Since its arrival in France on June 14th, the Regiment as the entire 79th Infantry Division encountered only German night or reconnaissance flights until now. On August 17th, wave after wave, German airplanes machine-gunned the american column but thankfully didn’t cause any damage. By the end of the day, boys thanks to their 30mm and 50mm caliber small arms fire, shot down three of them.
79th Infantry Division men in Mantes-Gassicourt with locals - ©79thUnitHistory.
The order to move into Paris outskirts was given on August 18th at 0950 hours with the objectives to take up defensive positions southwest of Mantes-Gassicourt. The advance began at 0130pm with 1st Battalion in lead followed by 3rd and 2nd in the rear still meeting slight German resistance. 79th Reconnaissance Troops destroyed trains carrying enemy soldiers attempting to cross the Seine River, and all units of the 313th Infantry Regiment captured the railroad in the vicinity of Perdreauville before to close in around 1000pm.
The Seine River was just in front of 313th Infantry Regiment, some German soldiers were still dug in into the woods, Headquarters summoned 1st Battalion plus one company of the 2nd to clean out the area at 0700am on August 19th.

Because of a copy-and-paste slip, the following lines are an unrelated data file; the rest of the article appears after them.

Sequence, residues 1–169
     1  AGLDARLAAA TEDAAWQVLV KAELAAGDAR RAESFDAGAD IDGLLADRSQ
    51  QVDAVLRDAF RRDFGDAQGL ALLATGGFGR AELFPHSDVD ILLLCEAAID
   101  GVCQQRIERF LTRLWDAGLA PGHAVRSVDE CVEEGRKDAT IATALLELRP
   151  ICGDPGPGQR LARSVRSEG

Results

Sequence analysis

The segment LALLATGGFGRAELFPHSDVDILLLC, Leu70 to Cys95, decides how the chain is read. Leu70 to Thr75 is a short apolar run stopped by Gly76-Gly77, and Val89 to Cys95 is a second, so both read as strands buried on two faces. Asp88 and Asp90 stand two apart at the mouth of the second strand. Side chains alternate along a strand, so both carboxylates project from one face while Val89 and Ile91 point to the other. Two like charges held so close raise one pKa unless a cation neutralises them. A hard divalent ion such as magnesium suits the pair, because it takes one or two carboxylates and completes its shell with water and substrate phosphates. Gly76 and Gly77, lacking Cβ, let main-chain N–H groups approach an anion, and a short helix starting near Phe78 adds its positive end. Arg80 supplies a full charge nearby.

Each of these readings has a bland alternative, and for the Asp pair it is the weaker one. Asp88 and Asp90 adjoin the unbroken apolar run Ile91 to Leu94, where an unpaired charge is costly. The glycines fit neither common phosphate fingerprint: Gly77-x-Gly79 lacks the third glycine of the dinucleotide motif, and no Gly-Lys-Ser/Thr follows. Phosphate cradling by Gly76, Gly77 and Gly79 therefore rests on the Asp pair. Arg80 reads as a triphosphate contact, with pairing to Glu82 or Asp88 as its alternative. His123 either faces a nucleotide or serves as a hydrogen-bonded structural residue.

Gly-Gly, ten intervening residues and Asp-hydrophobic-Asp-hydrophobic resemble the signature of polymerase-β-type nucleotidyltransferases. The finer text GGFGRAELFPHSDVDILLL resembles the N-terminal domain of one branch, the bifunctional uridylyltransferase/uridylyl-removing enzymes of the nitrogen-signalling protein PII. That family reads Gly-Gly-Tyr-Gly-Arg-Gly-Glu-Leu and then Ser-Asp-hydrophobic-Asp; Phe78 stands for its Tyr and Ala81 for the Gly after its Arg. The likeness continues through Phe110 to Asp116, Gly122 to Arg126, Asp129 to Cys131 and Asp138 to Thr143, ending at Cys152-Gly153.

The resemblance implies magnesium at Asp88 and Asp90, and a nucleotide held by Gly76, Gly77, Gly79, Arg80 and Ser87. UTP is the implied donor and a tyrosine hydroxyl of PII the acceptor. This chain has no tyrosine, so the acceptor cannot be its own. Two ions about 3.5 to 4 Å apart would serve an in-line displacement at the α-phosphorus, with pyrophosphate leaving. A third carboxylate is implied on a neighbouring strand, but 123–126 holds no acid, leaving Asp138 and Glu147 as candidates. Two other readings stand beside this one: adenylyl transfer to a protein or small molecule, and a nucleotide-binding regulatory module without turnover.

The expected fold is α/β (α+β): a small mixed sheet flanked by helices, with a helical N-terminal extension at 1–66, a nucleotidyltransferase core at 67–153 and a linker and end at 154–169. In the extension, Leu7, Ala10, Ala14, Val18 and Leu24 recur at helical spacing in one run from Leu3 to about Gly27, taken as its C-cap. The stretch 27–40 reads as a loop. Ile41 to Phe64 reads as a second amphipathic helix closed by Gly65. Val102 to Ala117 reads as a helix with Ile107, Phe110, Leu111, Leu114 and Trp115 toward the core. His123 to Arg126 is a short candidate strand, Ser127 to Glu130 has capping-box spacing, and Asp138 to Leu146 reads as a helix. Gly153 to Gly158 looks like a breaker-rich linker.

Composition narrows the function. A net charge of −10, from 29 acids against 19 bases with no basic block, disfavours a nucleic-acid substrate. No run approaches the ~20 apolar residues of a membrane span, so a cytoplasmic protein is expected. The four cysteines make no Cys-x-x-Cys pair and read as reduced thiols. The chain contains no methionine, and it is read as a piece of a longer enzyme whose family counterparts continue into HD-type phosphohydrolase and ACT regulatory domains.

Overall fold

Map showing the dam at Rolleboise.
"C" Company of 1st Battalion was also sent to check the ferry at Rosny-sur-Seine but reported Germans destroyed it. The enemy was still entrenched on the north bank of the Seine River opened fire upon them but men overcome the situation. What was embarrassing for the American troops was when the German army were retreating, they discovered either abandoned armored vehicles, weapons, dead animals “BUT” there were still some determined soldiers to slow down their advance.
Note: Civilians in the area revealed that Germans used Ferry’s of Rosny-sur-Seine and Mantes-Gassicourt to transport troops and supplies north and south of the Seine River.
Before to cross the Seine River, both flanks have to be secured. Lieutenant-Colonel Sterling A. Wood commander of the 313th Infantry Regiment set up its command post in a hotel at Rolleboise overlooking Mantes-Gassicourt and La Roche-Guyon and led a platoon over the dam at Rolleboise to know if there was any German left. By this action Lieutenant-Colonel Wood had earned the distinction for being one of the first American soldiers to cross the Seine River (see photo below).
During the next two days, 313th crossed the Seine River, the entire 79th Infantry Division extended its bridgehead and gained information’s from civilians that Germans were heading back to attack.
The regimental commander deemed it was necessary to send men to understand what were the enemy’s intentions. To do so, a Task Force was created and set. Where ? To the castle of La Roche-Guyon turned into the headquarters of Field Marshal Erwin Rommel.
Written by Pierre Fallet - Normandy American Heroes